The battle of Belmont was the first battle in the western theater
of the Civil War and, more importantly, the first battle of the war
fought by Ulysses S. Grant. It set a pattern for warfare not only
in the Mississippi Valley but at Fort Donelson and Shiloh as well.
Grant's 7 November 1861 strike against the Southern forces at
Belmont, in southeastern Missouri on the Mississippi River, made
use of the newly outfitted Yankee timberclads and all the infantry
available at the staging area in Cairo, Illinois.
The Confederates, led by Leonidas Polk and Gideon Pillow, had the
advantages of position and superior numbers. They hoped to smash
Grant's expeditionary force on the Missouri shore and cut off the
escape of the Illinois and Iowa troops from their boats. The
confrontation was a bloody, all-day fight that a veteran of a dozen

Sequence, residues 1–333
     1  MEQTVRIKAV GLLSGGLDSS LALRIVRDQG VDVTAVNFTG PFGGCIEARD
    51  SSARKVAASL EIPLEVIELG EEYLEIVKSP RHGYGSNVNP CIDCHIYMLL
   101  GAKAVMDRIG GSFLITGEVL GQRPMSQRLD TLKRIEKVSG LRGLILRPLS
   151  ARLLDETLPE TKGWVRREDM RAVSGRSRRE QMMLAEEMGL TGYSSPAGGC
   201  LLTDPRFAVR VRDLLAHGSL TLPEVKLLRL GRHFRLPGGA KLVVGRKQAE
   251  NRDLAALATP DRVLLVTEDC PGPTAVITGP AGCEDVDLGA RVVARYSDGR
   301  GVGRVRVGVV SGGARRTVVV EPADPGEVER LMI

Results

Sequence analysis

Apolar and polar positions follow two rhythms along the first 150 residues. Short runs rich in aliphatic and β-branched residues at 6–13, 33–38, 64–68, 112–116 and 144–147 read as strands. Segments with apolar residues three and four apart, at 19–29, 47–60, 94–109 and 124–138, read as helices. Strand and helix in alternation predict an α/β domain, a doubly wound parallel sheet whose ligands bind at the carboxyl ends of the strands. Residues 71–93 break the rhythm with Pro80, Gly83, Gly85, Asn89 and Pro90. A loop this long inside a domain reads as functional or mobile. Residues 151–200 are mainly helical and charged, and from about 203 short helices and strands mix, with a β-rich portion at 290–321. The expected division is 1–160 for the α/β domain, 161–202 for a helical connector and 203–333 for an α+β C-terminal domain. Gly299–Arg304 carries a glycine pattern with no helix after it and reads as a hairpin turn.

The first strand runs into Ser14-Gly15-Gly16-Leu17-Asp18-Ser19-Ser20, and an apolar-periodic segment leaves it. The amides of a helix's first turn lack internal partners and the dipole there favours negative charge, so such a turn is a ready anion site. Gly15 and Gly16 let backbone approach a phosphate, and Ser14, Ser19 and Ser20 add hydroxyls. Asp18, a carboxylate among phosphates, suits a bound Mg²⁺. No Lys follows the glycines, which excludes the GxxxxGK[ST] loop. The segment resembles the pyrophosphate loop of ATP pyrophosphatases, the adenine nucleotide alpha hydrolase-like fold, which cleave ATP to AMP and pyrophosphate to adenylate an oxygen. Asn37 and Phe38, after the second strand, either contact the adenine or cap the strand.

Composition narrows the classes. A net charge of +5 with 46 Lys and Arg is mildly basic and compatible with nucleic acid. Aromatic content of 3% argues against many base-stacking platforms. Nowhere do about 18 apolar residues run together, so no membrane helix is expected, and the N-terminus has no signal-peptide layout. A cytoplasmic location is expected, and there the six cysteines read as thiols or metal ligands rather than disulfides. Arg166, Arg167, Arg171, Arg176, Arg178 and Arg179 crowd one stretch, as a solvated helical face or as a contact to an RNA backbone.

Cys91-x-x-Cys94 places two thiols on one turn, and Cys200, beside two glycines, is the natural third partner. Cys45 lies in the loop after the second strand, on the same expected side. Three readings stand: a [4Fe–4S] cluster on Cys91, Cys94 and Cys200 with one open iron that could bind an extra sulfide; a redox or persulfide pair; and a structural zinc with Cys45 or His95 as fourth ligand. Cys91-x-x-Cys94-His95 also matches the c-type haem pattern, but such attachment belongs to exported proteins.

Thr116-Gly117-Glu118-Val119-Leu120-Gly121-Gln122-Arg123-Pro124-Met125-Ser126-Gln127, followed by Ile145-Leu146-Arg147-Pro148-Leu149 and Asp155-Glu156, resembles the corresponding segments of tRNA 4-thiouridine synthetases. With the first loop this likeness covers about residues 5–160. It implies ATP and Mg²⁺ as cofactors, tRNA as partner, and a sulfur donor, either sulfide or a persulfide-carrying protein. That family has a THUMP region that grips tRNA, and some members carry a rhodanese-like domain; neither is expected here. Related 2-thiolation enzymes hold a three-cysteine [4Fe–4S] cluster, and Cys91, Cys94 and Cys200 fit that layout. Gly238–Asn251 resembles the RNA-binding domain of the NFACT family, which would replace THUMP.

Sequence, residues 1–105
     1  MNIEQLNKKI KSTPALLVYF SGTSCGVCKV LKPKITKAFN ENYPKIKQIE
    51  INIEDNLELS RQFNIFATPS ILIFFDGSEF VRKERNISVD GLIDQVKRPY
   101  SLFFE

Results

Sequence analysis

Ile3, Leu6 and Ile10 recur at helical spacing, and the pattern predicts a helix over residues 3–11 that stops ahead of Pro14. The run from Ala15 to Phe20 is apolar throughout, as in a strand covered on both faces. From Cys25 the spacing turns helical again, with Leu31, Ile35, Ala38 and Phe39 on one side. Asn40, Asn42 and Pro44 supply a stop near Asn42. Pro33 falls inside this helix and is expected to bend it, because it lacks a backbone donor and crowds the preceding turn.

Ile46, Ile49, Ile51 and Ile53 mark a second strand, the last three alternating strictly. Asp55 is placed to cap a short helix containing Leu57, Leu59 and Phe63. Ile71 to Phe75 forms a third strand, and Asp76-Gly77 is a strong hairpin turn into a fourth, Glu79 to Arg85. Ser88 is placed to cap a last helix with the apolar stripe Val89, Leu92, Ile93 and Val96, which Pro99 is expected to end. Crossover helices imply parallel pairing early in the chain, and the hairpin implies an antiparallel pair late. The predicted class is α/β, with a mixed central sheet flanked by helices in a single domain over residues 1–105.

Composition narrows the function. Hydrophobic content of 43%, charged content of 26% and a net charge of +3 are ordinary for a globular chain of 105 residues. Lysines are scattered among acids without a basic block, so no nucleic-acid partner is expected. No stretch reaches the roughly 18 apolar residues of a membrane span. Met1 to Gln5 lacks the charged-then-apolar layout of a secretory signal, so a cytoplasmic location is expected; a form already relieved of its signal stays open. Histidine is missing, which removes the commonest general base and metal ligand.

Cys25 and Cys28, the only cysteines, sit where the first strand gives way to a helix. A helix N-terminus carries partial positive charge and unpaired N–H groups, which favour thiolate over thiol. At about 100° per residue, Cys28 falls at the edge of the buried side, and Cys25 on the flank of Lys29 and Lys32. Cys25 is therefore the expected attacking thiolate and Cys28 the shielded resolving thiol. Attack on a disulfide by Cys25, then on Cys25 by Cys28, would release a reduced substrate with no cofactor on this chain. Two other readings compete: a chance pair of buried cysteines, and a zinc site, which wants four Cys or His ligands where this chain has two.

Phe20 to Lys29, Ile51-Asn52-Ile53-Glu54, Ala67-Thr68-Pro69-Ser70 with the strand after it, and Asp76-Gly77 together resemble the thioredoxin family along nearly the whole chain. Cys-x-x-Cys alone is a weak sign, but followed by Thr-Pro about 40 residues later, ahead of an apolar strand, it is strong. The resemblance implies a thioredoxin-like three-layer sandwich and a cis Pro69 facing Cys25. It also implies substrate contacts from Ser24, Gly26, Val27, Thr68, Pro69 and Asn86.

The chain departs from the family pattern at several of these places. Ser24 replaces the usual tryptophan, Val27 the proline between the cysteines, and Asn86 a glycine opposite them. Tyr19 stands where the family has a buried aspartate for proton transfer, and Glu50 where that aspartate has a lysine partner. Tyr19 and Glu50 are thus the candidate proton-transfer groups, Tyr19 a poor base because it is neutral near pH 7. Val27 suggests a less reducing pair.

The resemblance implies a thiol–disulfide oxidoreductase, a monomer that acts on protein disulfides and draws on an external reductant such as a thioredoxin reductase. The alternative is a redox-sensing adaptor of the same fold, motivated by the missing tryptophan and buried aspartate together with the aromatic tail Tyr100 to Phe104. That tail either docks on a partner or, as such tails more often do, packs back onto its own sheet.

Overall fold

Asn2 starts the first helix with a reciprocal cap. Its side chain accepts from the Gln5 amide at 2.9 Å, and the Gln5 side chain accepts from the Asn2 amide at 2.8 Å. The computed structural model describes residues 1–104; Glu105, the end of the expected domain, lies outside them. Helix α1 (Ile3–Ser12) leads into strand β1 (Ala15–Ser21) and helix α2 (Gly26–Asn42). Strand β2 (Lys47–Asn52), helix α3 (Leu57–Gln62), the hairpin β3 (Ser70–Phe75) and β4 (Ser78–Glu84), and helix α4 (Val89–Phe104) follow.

major battles would later call "frightful to contemplate." At first
successful, the Federals were eventually driven from the field and
withdrew up the Mississippi to safety. The battle cost some twenty
percent of his troops, but as a result of this engagement Grant
became known as an audacious fighting general.
Using diaries and letters of participants, official documents, and
contemporary newspaper accounts, Nathaniel Hughes provides the only
full-length tactical study of the battle that catapulted Grant into
prominence. Throughout the narrative, Hughes draws sketches of the
lives and fates of individual soldiers who fought on both sides,
especially of the colorful and enormously dissimilar principal
actors, Grant and Polk.